“Walked into a door!” Her voice suggested disbelief. “You asked the others?”

“I found it hard to believe as well, so I asked the others. Matthew said he knew nothing about it. The others answered, well, funny. They didn’t actually confirm what she said but they didn’t say it wasn’t true either.”

“Ahh!” Helena nodded her head slowly. “I think I begin to get the picture.”

“So I didn’t see what I could do if they wouldn’t talk, so I left it but I kept an eye out for them the next week.”

“And the next week?” Helena asked.

“The next week they came in and this time Matthew had been kicked in the face by one of the cows at milking time. That’s what he said, rather surly and the others all backed him up. And I don’t believe that either. Okay, they didn’t have cows in their old place in Buxton, and he is new to milking but it just didn’t look right.

“I nearly came to you then but it was nothing I could produce any evidence for and you’ve always said we’ve got to go on evidence. So I left it for the time being.”

“And you have evidence now?” Helena asked.

“VeeJay and Granny Ellen were going to Tarvin to set up the two way radio and comms links for their new Settlement, so I asked them to keep an eye on things.

“There’s a pattern. Every so often Andrea walks into a door and gets a bruise on her face or her body. Then a couple of days later Matthew accidentally slips and falls or gets kicked by a cow or something. Then it’s all quiet for a few days and then the cycle starts again.”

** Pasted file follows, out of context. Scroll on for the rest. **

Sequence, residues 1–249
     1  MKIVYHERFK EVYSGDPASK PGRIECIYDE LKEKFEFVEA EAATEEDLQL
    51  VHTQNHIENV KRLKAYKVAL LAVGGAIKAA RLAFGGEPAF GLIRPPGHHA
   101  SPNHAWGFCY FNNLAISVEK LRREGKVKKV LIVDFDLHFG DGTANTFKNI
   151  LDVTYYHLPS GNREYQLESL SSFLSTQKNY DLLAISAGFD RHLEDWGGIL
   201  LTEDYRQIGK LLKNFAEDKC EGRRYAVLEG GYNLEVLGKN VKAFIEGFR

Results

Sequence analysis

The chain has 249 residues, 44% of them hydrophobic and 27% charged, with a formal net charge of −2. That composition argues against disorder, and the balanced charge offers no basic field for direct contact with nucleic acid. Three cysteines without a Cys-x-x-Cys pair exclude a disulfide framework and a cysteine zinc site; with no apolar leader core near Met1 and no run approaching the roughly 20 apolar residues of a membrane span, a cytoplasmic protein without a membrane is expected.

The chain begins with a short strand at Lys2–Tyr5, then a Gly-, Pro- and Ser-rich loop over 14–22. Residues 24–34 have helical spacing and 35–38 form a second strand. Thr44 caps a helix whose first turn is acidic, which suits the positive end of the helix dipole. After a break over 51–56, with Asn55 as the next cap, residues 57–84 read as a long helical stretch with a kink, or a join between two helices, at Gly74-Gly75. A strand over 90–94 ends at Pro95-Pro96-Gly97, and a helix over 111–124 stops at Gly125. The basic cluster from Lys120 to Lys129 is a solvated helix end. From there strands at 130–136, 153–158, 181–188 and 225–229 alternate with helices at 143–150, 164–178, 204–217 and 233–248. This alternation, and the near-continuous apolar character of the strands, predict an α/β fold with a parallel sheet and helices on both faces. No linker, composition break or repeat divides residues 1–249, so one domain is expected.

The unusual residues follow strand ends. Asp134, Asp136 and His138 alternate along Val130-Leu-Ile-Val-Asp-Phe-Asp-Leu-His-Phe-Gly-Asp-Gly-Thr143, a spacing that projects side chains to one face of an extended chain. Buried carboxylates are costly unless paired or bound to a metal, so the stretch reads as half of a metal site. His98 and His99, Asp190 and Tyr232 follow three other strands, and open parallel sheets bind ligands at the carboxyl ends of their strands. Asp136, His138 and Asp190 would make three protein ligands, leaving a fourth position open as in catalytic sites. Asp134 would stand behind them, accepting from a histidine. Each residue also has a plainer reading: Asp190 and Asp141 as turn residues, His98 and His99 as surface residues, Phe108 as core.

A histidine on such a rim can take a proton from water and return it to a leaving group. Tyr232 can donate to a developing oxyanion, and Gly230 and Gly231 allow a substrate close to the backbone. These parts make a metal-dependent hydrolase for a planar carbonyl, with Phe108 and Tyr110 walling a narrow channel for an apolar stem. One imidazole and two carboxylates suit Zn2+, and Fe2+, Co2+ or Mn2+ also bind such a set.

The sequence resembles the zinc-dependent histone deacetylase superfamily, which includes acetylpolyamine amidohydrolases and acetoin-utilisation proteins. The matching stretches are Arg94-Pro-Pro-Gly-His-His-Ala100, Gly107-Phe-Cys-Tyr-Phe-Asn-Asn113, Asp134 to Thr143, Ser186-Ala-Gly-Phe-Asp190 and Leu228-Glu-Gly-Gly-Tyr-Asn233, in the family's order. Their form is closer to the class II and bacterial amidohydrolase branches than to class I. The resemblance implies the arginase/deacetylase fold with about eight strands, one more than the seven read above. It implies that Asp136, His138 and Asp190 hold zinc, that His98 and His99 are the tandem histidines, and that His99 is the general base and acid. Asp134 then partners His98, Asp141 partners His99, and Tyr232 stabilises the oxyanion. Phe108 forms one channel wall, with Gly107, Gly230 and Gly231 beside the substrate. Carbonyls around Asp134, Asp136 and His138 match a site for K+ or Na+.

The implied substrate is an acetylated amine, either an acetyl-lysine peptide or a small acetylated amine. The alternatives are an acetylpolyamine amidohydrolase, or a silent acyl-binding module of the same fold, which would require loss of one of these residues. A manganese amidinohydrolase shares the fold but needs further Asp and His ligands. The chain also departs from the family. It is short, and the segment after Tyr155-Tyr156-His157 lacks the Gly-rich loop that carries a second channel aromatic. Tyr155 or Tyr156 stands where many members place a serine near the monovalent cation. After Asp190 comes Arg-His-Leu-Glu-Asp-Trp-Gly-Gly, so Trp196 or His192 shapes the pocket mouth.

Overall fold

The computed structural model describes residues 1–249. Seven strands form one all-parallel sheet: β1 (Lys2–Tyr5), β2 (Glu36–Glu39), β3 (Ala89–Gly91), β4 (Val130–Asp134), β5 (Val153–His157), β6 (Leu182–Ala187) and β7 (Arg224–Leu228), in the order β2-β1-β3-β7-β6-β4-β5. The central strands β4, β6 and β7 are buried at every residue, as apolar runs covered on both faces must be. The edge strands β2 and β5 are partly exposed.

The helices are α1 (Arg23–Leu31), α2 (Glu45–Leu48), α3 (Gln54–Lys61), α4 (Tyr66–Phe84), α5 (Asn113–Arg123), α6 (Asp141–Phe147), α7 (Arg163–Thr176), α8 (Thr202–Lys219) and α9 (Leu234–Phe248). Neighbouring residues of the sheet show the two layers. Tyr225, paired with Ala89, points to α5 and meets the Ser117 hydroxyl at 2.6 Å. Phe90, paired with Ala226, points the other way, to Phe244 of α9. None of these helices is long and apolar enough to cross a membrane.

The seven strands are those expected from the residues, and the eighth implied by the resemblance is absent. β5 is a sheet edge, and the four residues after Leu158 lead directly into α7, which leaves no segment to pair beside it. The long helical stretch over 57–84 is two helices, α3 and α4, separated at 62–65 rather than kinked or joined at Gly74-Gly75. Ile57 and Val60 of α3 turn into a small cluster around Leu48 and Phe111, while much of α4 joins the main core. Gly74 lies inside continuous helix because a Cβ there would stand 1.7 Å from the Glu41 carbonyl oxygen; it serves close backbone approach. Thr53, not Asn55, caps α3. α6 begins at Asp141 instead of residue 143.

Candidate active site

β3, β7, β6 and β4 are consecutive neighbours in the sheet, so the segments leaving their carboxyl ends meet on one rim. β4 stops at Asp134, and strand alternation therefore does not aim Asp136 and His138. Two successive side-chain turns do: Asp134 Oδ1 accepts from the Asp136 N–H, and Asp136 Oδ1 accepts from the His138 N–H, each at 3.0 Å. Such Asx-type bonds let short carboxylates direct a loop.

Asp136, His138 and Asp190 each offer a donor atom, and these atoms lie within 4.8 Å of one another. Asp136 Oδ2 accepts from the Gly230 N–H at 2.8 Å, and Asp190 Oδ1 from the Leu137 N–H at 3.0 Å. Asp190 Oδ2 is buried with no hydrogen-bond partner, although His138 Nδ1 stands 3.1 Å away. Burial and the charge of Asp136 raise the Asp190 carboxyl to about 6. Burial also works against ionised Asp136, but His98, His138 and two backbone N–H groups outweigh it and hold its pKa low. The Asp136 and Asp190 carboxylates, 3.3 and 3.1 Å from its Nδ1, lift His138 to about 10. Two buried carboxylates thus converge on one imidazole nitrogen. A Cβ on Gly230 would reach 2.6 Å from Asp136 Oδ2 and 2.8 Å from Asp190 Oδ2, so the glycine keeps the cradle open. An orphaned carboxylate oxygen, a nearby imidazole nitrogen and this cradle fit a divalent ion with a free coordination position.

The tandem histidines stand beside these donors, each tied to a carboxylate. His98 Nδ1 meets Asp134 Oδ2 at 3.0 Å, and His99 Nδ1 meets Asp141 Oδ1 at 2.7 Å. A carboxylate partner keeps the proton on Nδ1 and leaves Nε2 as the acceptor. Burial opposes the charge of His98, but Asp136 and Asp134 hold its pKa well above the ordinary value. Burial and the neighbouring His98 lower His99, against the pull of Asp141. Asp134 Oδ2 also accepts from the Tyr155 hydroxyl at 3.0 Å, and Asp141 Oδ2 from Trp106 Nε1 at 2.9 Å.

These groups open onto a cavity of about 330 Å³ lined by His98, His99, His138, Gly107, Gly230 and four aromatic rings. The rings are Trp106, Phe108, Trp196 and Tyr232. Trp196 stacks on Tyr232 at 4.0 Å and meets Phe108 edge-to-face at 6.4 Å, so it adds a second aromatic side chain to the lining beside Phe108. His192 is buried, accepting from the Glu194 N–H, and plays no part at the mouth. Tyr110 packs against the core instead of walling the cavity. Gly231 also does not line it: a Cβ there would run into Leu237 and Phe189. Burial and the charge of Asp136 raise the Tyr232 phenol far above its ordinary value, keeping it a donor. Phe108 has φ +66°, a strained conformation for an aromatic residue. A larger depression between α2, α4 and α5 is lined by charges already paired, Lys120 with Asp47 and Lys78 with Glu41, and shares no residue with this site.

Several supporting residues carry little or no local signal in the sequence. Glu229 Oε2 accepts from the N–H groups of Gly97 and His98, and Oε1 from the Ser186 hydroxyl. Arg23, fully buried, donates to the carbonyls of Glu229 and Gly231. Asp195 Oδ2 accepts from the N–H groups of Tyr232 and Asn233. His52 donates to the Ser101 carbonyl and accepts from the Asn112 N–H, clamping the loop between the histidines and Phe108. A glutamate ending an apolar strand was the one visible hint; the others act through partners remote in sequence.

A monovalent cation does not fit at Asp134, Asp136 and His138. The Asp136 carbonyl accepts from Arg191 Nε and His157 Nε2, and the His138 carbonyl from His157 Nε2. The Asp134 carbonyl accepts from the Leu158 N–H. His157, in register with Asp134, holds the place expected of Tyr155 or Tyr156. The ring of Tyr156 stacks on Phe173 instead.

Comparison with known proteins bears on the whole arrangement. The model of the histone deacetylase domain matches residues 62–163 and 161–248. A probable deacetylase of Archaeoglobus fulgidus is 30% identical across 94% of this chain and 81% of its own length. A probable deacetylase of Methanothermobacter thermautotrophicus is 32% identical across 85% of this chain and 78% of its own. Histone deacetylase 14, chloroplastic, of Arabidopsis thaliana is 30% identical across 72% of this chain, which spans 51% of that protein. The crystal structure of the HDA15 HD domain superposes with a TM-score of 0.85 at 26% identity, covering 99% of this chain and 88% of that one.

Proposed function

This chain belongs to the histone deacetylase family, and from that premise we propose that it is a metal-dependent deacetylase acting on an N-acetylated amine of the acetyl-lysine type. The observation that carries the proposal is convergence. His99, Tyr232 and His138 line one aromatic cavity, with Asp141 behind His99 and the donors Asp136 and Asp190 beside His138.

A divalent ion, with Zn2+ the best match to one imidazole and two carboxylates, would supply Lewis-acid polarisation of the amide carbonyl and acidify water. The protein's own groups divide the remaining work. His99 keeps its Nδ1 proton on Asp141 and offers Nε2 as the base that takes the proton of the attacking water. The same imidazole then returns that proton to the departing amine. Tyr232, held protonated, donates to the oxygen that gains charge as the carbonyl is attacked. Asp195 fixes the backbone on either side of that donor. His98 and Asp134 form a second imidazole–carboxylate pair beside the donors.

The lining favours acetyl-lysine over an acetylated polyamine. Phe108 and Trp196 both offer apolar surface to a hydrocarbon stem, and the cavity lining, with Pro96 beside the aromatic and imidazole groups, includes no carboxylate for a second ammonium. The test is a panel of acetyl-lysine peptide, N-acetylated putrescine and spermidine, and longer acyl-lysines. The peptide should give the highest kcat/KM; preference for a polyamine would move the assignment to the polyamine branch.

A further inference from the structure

“And you don’t believe in these accidents?”

“No, it’s happened too many times. The last time was today when Andrea came in with a big bruise all over her neck and when I watched her unloading stuff off the cart she was obviously in pain on that side. She says she walked into a tree one night when going out to the outside toilet. I don’t believe it. I don’t believe any of it.”

Helena pursed her lips in thought. “I assume the others backed up her story again?”

“Well, not so much backed up as didn’t deny it.”

“That fits. Well, if it was a tree she walked into, then I think the Community Doctor should take a look at the wound. Doctor Ryan’s not available right now, so Doctor Helena will have to deal with it. After all, we can’t take risks, can we?”

“You want me with you for that?”

Helena hesitated a moment. “No, better not. Let’s believe it’s just a genuine accident for the moment. And you’d have to leave anyway if I’m to do a proper investigation.”

“But you don’t believe the story, do you?”

Helena smiled. “Of course I believe it. It gives me a perfect excuse to check the wound. What I believe after I’ve seen the wound is another matter.”

* * *

The custom had grown up that after the market everyone had a meal together, then there was a general meeting of all the survivors, to talk over the running of the Community and finally a party.